Anti-Corruption Efforts: Words, Not Deeds
Analysts at the Justice Ministry have reviewed official statistics and concluded that there has been no improvement in the battle against corruption. The actual number of corrupt officials exposed and punished has not increased over the last three years, though the topic is much more frequently in the news.
Judging from media reporting on the subject, the battle against corruption is being waged effectively. Reports about such crimes have become far more frequent in the past year, according to data from Medialogia.
From January 2008 through fall 2009, about 100 instances of corruption being "exposed" were reported daily, according to the company's analysis of more than 4,500 media sources. Last fall, the number of such reports peaked at 224 per day and then leveled off at an average of 125 daily.
The real situation remains unchanged, however, according to the Justice Ministry's corruption research institute, which analyzed police and judicial data.
Researchers compared data from 2007 to 2009 from the Interior Ministry and the Supreme Court's legal department about the leading corruption crimes: abuse of power (Article 201 of the Criminal Code), commercial bribery (Article 204), abuse of authority (Article 285), illegal participation in entrepreneurial activity (Article 289), receiving bribes and taking bribes (Articles 290 and 291, respectively).
A total of 21,842 such crimes were registered in 2007, of which 6,185 made it to court. Of those that went to court, 675 people were sent to prison, 3,650 received suspended sentences, and 1,744 were fined.
Last year, the figures were largely unchanged, with 23,518 corruption crimes registered, or 7.6 percent more than 2007. Of those, 6,691 went to trial, 903 people were imprisoned, 3,694 received suspended sentences, and 1,926 were fined.
It turns out that on average, only one in 25 of the total cases resulted in someone spending time behind bars. Looking at the numbers for those cases that actually went to trial, one in eight of those accused went to prison.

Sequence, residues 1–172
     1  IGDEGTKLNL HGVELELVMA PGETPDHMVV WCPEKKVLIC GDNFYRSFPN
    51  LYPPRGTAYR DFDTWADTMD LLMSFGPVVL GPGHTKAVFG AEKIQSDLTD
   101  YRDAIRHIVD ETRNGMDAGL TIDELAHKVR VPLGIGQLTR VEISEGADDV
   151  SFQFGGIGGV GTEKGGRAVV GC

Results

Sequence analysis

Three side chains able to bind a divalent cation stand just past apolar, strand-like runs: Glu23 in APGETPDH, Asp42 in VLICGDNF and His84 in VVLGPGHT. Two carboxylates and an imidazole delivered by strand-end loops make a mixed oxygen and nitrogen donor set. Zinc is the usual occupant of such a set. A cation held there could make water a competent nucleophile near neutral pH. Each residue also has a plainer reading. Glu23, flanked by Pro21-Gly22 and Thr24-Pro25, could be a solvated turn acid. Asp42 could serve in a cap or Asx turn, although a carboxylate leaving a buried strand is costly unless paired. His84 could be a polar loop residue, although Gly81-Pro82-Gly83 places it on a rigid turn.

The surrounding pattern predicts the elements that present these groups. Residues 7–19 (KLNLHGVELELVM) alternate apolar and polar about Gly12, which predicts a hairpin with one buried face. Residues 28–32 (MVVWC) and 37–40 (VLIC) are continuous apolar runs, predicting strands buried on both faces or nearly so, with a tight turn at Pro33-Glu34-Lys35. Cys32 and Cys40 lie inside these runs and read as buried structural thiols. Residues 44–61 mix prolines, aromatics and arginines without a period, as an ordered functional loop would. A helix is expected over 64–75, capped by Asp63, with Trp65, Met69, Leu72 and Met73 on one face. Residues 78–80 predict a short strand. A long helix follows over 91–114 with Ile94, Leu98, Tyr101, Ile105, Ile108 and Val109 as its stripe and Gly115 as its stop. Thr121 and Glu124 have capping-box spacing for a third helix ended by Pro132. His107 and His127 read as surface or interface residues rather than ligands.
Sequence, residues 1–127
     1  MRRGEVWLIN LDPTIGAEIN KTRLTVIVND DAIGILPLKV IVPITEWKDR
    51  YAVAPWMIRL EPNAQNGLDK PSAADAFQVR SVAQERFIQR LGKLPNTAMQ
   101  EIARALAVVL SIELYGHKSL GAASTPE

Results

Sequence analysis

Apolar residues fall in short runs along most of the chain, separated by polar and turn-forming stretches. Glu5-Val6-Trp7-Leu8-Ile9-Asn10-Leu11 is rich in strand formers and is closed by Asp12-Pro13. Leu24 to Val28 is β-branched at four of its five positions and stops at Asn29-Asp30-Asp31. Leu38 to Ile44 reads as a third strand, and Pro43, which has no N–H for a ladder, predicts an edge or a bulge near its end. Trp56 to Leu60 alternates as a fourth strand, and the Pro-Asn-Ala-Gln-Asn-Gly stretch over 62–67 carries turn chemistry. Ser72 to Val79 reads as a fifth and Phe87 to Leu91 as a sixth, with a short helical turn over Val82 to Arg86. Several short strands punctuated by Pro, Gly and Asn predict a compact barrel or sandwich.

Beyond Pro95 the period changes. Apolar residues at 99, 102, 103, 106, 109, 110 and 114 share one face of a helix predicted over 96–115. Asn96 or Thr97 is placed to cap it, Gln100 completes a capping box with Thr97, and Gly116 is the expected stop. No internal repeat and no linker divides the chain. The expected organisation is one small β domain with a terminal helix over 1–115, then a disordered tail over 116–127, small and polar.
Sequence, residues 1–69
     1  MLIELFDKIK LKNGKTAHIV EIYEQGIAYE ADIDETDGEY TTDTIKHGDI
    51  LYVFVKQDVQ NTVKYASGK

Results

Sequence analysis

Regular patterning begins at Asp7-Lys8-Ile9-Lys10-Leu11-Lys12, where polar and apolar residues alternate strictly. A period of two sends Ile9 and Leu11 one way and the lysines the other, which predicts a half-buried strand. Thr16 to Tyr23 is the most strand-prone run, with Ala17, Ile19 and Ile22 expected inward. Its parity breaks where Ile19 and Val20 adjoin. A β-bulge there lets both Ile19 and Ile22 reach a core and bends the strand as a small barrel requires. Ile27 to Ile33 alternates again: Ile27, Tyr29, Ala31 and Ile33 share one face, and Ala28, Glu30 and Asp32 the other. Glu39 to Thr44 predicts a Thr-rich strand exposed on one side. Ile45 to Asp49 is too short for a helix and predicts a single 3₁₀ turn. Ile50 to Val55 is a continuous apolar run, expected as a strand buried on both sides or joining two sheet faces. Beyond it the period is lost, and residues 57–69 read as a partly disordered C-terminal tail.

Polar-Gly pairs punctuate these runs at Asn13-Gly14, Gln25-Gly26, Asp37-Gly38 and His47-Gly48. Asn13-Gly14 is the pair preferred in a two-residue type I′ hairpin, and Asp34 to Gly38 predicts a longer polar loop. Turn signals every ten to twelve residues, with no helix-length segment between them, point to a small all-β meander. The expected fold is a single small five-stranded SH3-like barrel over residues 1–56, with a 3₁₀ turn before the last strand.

In 2007, verdicts of a suspended sentence or a fine were handed down to 86.9 percent of the accused, while in 2009, the figure was 85.2 percent, according to the authors of the research. Furthermore, the maximum possible sentence of three to five years incarceration for abuse of power was not used at all in the last two years; the maximum punishment for bribe taking — from five to eight years in prison — was only used four times in 2009.
The research suggests that there have been no real gains in the battle against corruption.
"The possible consequences are not a serious deterrent," the researchers wrote in the report.
Positive trends are noticeable only in the area of minor corruption, said Viktor Astanin, the research institute's deputy head. There was a 10 percent increase in those crimes being registered last year, he said.
The Interior Ministry and the Supreme Court declined to comment.
The materials required further study, an Interior Ministry spokesperson said.
"We have to understand to what extent the statistics used in the study were correctly interpreted," said Pavel Odintsov, press secretary of the Supreme Court.
An official close to the presidential administration said this was the first time such research had been conducted.
Under its obligations to the Council of Europe's anti-corruption committee, Russia is supposed to create a continuous monitoring system for corruption statistics, the official added.
Current statistics do not take into consideration a number of criteria, so a clear picture of the situation is impossible to obtain, and adequate responses are not being made, he conceded.
A poll taken of 1,000 employees of the Interior Ministry, Prosecutor General's Office, Investigative Committee, Justice Ministry and other government officials in 80 regions revealed that only 27.3 percent trusted information about corruption that they receive from law enforcement agencies and prosecutors. They say the statistical data is "tweaked and falsified."
The battle against corruption in a systematically corrupt country is a political question, and not one for law enforcement or the courts, said Yelena Panfilova, head of Transparency International in Russia. It's pointless to blame statistics — they only give an indication of the effectiveness of law enforcement and the courts, not corruption itself, she said.